Grom gelato

Back in July I went on holiday to Mallorca with my family. Most nights after dinner on the port, we would stroll home, stopping at the bustling ice cream shop for dessert.

One evening I got in a little debate with my mum. Mum, who has Italian roots, laughed at me when I said there was a difference between ice cream and gelato claiming ‘gelato’ was just the Italian translation of ice cream.

While I know this is certainly true, I remembered reading somewhere that the way both are made and the ingredients do differ slightly.

After a bit of Googling I was proven to have been right.

From what I gather, gelato uses a greater amount of whole milk than cream in the base, meaning it is slightly lower in fat. It is also churned at a much slower rate, meaning less air is incorporated into the mixture leaving you with a denser finish. Apparently, these differences mean gelato has a more intense flavour than ice cream, which I do believe is true.

These distinctions give ice cream and gelato a different consistency overall. Ice cream is either hard when frozen, or melting, there is little in between. It should be served cold or it turns to a very tasty sweet soup pretty fast, whereas gelato should be served at room temperature where is stays soft, almost elasticy, without melting too quickly. Almost like a cool big blob of cake frosting.

Anyway, yes, I’ve probably gone too much into this. Gelato is indeed the Italian word for ice cream and they’re both essentially the same but there is no doubt in my mind that the best I’ve eaten has always been in Italy.

Which leads me to my next point. If you are ever in Italy and pass a Grom gelato shop, go inside.

I have just come back from my cousin’s amazing wedding in Bardi, where my mum’s family is from. After the wedding we headed to Milan to visit the Expo, a huge exposition focusing on food; sustainable food, slow food, nutritious food, food from different cultures and all corners of the world. It was really impressive and thought provoking and I’d recommend it to anyone who thinks they can get to Milan before the end of October.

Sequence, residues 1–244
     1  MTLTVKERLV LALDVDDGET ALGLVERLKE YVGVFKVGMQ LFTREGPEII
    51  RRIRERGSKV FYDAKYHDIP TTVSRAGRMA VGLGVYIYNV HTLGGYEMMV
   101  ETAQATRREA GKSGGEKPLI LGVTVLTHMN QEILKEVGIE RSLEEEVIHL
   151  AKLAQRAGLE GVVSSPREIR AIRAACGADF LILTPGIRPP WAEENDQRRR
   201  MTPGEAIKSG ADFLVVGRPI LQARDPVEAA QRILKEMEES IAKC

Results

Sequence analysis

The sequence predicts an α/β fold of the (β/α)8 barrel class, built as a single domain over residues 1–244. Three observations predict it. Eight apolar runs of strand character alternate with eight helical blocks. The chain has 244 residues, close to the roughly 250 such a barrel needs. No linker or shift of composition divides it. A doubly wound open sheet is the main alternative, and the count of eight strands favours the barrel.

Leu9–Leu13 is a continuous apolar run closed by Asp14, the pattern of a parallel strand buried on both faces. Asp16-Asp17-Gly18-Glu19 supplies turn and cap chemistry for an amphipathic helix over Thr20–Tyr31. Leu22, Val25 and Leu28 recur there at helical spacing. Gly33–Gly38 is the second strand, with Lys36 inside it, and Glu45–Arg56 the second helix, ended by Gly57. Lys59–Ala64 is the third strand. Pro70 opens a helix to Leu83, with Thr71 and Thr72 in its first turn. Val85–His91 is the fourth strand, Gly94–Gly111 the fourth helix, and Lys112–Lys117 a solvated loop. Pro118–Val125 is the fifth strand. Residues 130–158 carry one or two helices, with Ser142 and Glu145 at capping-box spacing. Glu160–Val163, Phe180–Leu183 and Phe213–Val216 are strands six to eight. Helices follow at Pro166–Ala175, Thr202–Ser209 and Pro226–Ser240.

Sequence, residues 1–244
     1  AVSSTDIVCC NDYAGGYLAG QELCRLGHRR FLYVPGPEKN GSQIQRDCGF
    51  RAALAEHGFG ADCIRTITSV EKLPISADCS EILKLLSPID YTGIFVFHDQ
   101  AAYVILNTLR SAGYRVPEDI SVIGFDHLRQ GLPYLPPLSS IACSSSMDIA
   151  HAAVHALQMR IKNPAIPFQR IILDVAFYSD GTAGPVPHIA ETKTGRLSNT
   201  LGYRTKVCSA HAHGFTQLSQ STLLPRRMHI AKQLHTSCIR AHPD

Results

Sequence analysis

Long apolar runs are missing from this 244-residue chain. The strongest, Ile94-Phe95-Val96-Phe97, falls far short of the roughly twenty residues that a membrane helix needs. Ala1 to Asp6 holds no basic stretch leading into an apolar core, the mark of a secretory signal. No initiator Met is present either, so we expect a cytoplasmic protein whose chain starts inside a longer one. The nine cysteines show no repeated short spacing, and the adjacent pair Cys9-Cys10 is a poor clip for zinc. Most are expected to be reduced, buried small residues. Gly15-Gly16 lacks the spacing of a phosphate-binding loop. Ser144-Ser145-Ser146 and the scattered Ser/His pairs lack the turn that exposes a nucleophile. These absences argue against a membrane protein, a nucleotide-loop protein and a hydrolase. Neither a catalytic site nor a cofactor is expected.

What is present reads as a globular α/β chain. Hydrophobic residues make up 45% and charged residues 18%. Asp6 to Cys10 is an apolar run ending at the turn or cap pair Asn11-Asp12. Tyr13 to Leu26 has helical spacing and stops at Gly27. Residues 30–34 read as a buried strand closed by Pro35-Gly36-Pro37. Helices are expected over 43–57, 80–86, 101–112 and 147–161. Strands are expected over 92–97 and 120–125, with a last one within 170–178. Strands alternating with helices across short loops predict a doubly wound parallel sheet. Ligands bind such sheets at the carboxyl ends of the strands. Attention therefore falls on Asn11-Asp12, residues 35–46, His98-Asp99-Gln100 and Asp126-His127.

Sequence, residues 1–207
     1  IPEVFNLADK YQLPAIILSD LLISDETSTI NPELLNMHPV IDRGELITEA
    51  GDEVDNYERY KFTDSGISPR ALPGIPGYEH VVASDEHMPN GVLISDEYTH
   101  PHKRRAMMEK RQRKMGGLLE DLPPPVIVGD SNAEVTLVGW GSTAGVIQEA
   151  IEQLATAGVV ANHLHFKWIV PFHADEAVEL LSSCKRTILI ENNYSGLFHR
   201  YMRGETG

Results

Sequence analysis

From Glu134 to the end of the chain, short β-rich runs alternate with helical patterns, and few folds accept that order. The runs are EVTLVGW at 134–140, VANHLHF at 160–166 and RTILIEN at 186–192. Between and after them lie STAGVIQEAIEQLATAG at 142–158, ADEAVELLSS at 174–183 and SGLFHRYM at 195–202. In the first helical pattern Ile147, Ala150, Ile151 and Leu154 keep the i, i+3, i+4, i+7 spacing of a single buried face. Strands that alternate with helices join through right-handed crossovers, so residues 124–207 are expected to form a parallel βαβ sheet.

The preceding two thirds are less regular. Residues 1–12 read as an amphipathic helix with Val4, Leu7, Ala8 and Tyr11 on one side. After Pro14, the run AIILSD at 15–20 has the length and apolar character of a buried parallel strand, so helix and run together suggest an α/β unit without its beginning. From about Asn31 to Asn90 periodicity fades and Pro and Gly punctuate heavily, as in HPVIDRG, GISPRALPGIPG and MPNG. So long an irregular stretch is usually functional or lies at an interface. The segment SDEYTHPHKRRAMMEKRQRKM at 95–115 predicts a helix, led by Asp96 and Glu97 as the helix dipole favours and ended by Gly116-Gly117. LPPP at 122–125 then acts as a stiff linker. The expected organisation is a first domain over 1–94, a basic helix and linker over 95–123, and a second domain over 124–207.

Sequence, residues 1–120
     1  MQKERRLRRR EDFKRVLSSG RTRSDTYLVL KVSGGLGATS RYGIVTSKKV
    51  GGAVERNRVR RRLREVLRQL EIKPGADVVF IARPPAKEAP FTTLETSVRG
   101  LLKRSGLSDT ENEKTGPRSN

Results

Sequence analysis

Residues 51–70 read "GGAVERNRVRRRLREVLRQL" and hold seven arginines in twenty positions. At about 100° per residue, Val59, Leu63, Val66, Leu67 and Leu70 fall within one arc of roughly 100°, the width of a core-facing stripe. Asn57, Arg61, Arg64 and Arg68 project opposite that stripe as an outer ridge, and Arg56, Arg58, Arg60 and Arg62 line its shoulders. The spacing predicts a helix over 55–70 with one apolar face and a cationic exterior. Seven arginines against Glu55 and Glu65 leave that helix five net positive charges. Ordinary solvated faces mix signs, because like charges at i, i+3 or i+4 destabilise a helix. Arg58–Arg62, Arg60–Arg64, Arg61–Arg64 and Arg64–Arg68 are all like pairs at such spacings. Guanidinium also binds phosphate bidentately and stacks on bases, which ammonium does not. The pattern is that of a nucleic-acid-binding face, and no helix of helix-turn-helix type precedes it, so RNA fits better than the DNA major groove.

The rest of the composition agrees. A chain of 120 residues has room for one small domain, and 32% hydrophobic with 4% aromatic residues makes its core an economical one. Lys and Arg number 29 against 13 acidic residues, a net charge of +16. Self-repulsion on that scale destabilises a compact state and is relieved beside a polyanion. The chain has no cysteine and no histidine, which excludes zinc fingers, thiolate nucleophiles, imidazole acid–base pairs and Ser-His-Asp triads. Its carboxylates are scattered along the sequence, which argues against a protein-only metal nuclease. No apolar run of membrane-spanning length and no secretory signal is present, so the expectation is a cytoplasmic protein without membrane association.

As I was flying back that evening, I had my suitcase with me. There was no where to leave it so we ended up dragging them around all day, pretty tiring work let me tell you. By about 4 o’clock we all agreed we needed a break and spotted a gelato stall that looked particularly tempting.

Grom uses ‘the absolute highest-quality raw materials’ to make its ice cream. All of the ingredients are natural, the freshest fruit, organic milk and eggs, nothing artificial at all. And you can really tell from the taste.

Choosing what to have is the hard part with flavors like salted caramel, espresso and tiramisu. I went for my new favourite, pistachio, which was dense, fragrant and such a pleasing pastel green with ‘crema di Grom’, an eggy ice cream stuffed with chunks of their homemade biscuit and chocolate chunks.

After polishing this off pretty quickly, we went straight back to join the queue to buy another. The stracciatella (a flavour I always deem too boring) was too hard to ignore, a silky thick vanilla with huge dark chocolate chunks sleeping within it.

As you can gather, we all thoroughly enjoyed ourselves at Grom, even Sergio, a dear Italian friend who’s the fussiest man I’ve ever met. If anything gets his seal of approval then you know it’s a goodun’.

One thought on “Grom gelato

  1. Now that Grom has been acquired by Unilever, I expect that soon it will be easier for everyone to find it in supermarkets, and no more having to go into the Grom stores themselves. I always had to go into Milan to get my fix!

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